Conor Murray: I don’t get carried away by awards

As he reflects on his latest honour, newly-crowned Guinness Rugby Writers of Ireland Player of the Year Conor Murray is also wary of the dangers of admiring his work for too long.

Conor Murray: I don’t get carried away by awards

A wonderful yet bittersweet campaign with Munster, Ireland, and the Lions last night saw him recognised by the Irish rugby media for consistent excellence across a season when his team had to deal with the loss of their head coach, Anthony Foley.

Murray, 28, also had to contend with a nerve injury in his shoulder that threatened to end his dream of a Lions tour to New Zealand, so he was entitled to feel so honoured. The scrum-half is not done yet though. This latest recognition does not mark an endpoint but a launchpad.

“Awards are nice, definitely, and this year gone by has been good to me and there have been good performances but you don’t get carried away by them either,” said Murray.

“I still see little things in my game that I want to get better at because the competition is hot everywhere you go and I genuinely mean that.

“You’re 28, you’re here for a while now, and you really appreciate it. The older you get, you understand how hard it is to get in here (to the Ireland squad) and stay here so you just want to keep doing it as long and as best you can.

“That is the most simple way of explaining my motivation. I’ve targets in my head and things I want to get done this year that I’ll keep to myself. I like setting goals for myself but it’s just about being the best you can be.

“You’re 28, I know I’m not pushing on retirement but you want to keep going for as long as you can at a high level. I’m competitive, I want to stay here and get better and see how good I can get. That’s my motivation.

“Awards are really nice but I wouldn’t get fooled by them. I’m not going to say I’ve got this award and now I can just chill out. It doesn’t work like that. The (Ireland) coaches here, we’ve a new camp, new players, and we’re talking about the series coming up and it’s all about that. You just try and get yourself right for that and it moves forward like that very quickly.

“So this is nice, it’s nice to reflect on and for the family to have on the mantelpiece at home, but the show must go on.”

When Murray does look back at last season, it is with a mixture of emotions. Falling to Scarlets in the PRO12 final and drawing a series with the All Blacks are disappointments, yet he accepts they overshadow the achievement of getting to those points.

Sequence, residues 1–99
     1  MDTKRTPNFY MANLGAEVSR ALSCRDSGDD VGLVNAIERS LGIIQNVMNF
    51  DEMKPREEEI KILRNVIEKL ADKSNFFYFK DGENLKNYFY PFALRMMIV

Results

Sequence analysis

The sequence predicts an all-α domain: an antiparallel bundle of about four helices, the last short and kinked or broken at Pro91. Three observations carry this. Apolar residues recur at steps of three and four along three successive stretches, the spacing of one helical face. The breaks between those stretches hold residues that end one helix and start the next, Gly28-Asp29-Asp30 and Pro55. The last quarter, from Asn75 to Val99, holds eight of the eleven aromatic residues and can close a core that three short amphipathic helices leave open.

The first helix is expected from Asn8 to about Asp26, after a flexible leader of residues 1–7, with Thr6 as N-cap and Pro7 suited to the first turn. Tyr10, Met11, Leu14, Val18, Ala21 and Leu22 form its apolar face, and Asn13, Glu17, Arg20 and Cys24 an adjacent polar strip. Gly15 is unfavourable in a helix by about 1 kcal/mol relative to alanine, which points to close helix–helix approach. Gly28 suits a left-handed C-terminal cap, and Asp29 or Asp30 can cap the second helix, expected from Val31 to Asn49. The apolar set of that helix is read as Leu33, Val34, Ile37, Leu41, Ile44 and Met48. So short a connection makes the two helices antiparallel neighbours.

Munster’s feats in adversity earned them the Dave Guiney Team of the Year award last night and he admitted: “It was a really good year. You find out a lot about yourself and your team when you go through something like that because at the time it was really tough. The decision to play Glasgow (the day after Foley’s funeral) and then just kick on, we just said this is what we need to do and we started performing for the year.

“So I think it’s a well-deserved award for our team, our organisation. Losing Axel, because that’s what this is about really, left a massive hole and everyone just pulled together and took up the mantle of things he might have done. If something needed to be done, people just bought into it unbelievably.

“It was a year and a season you’ll never forget.”

Making another Lions squad had been both a major goal and a relief after six weeks out with a shoulder injury sustained last March. He started all three Tests and picked up a second win over the All Blacks inside eight months when the tourists prevailed in Wellington to add to Ireland’s victory in Chicago.

That the series ended in stalemate after a drawn final Test struck Murray as “weird”, but he added: “I’ve been on two Lions tours now and not lost a series, which is something you can be proud of, but going down there and drawing, no-one likes drawing, that’s the thing. But you talk to people about it and it’s something we should be really proud of as an achievement. I don’t think you can call a draw an achievement but it was a good thing to do. We left with our heads held high, that’s probably the best way to put it.”

It is suggested that given all the pre-tour predictions of All Blacks dominance, he might have settled for a draw. The response is unequivocal.

“No. You want to win, so no.

“People might say that but when you’re in a squad like that and you saw the players we had, I knew we could definitely win. If we clicked we could win it and that’s why we’re in the position we’re in because we want to win all the time. I don’t think anyone in our squad, back to Munster as well, goes into any game thinking if we draw or keep the score down it will be a good day.

“Those underdog days are gone. Our mindset has definitely changed to wanting to win everything, which is good.”

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